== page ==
This course teaches you about metacognition, and while reviewing our thoughts and feelings on our progress, and how we might improve this (ah.. ah… get it!?) we can always feel free to email me at Denise Barton to gain assistance answering any questions we may have. I have also heard that perhaps in summer 2019 they might be offering a metacognition professional development course for faculty who want to use it to improve their teaching and students’ learning. Guess I’ll have to wait and see.


How to get the most out of studying

There are 5 videos located at This website (text url:

After I viewed each one, I took a break before taking any notes to ensure that I heard all the information.

Developing a Mindset for Successful Learning

This video gives an overview of the information presented in the video series. The information is organized into 10 Principles of Effective Studying that students should understand if they wish to maximize learning from their study time

Beliefs That Make You Fail…Or Succeed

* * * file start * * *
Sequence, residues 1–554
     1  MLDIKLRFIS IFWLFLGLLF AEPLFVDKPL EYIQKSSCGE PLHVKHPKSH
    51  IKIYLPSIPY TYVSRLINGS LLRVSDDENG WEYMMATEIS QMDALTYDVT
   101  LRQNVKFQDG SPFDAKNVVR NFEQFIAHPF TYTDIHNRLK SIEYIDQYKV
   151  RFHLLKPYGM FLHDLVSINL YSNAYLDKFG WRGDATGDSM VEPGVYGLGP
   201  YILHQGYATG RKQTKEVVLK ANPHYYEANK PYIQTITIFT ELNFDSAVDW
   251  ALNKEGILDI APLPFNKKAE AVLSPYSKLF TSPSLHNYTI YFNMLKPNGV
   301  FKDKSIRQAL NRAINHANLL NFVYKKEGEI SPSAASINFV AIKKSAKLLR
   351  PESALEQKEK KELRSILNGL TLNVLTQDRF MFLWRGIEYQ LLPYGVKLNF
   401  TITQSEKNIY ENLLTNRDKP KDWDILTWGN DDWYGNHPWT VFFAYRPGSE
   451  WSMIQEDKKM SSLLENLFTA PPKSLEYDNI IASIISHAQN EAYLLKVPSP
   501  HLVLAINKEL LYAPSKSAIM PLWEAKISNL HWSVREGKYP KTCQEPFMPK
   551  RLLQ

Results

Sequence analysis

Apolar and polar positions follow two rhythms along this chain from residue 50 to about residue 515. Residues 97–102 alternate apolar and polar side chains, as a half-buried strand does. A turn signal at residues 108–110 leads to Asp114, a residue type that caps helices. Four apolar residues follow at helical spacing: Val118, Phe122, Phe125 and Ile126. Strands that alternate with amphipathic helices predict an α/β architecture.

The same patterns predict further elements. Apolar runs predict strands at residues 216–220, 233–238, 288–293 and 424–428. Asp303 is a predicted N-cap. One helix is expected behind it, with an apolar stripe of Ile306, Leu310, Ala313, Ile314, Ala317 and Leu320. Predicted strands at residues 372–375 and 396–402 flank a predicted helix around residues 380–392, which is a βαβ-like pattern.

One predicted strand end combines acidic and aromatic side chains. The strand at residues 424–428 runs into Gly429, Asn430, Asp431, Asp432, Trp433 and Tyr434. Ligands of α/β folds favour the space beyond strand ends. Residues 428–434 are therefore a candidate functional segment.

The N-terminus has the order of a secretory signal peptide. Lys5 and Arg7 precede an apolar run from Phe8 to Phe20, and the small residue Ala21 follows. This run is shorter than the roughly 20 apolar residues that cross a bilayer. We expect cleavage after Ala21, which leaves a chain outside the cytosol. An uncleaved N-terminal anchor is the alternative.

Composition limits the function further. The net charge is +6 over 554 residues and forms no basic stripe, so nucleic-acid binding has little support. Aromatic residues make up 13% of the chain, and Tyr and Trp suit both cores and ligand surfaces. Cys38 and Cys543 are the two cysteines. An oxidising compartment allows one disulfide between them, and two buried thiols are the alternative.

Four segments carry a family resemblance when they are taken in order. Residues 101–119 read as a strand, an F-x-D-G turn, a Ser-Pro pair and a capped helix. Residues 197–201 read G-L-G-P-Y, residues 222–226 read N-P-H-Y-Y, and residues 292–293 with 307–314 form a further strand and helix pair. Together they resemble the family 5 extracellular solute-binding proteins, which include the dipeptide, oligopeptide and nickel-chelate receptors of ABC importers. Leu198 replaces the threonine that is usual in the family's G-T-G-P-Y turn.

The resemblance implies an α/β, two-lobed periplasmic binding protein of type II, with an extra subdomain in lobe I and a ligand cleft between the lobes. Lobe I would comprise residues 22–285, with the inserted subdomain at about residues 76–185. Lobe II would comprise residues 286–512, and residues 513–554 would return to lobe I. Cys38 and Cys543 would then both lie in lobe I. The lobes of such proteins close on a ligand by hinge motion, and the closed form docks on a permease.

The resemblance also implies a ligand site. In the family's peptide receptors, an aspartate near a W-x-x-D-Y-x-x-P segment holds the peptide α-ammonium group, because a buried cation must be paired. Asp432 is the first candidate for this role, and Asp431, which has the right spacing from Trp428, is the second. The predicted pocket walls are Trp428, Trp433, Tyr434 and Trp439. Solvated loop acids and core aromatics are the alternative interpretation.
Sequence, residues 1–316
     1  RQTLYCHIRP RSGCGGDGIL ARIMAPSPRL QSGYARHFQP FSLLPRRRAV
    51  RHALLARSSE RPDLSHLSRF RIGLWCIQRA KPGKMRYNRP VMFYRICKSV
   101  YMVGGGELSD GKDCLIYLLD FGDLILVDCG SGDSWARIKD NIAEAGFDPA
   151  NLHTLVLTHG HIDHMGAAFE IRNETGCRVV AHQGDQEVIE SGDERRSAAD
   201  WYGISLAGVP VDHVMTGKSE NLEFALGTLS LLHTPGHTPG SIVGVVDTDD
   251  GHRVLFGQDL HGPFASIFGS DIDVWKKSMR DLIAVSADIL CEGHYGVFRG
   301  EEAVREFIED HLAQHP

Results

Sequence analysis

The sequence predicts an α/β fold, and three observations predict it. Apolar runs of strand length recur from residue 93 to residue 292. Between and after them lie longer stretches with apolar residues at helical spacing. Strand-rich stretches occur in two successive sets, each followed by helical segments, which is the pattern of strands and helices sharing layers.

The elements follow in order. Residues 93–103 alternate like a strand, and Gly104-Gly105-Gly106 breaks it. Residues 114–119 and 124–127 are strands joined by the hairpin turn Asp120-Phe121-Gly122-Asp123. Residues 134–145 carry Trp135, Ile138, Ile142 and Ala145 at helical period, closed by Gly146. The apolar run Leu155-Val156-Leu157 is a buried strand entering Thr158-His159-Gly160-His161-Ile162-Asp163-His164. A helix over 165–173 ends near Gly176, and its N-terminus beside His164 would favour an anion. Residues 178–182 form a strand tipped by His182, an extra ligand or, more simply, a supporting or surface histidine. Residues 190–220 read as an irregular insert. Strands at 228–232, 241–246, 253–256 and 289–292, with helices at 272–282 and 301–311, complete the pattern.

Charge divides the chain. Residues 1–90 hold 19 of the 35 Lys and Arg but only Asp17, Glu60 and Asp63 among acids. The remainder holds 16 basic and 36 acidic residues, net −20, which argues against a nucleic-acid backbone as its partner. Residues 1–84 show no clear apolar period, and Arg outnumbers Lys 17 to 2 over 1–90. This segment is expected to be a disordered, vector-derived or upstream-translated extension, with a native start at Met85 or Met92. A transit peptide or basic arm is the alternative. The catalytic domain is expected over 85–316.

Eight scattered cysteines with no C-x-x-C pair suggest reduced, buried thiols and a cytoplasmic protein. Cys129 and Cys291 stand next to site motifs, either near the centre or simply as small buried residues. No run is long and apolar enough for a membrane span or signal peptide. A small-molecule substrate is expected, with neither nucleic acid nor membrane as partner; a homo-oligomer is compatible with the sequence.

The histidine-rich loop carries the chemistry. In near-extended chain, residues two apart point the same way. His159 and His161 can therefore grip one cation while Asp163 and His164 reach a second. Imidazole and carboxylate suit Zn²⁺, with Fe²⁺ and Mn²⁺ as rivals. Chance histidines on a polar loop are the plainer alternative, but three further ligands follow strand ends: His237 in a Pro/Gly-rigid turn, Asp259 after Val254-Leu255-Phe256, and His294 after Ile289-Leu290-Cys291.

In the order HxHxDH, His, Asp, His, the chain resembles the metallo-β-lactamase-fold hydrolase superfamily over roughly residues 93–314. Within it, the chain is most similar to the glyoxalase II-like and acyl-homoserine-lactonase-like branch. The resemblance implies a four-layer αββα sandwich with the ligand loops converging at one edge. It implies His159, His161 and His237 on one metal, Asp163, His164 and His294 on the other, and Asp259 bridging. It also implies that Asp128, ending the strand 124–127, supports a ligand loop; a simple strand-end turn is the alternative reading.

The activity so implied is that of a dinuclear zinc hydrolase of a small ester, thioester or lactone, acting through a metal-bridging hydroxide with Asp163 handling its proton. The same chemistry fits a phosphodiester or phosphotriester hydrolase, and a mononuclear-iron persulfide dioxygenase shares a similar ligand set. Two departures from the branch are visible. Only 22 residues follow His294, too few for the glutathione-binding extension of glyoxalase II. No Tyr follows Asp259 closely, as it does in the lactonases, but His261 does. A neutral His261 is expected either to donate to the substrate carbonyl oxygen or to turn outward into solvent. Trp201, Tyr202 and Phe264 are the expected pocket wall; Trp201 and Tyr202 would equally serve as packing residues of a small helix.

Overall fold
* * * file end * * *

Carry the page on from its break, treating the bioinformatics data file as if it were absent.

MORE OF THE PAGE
The first video examines common mistaken beliefs students often possess that undermine their learning. The video tries to correct those misconceptions with accurate beliefs about learning.

What Students Should Understand About How People Learn

The second video introduces a simple but powerful theory of memory, Levels of Processing, that can help students improve their study.

Cognitive Principles for Optimizing Learning

The third video operationalizes the concept of level of processing into four principles that students can use to develop effective study strategies.

Putting the Principles for Optimizing Learning into Practice

The fourth video applies the principles of deep processing to common study situations, including note taking and highlighting while reading.

“I Blew the Exam, Now What?”

This video addresses what students should and should not do when they earn a bad grade on an exam.


Final Thoughts on Metacognition

It was a little exciting to revisit this work. I incorporate this into my classes, but its always nice to see the great effect this can have on students and other individuals. I felt this was great training, and I’ll be incorporating more of this in my classes.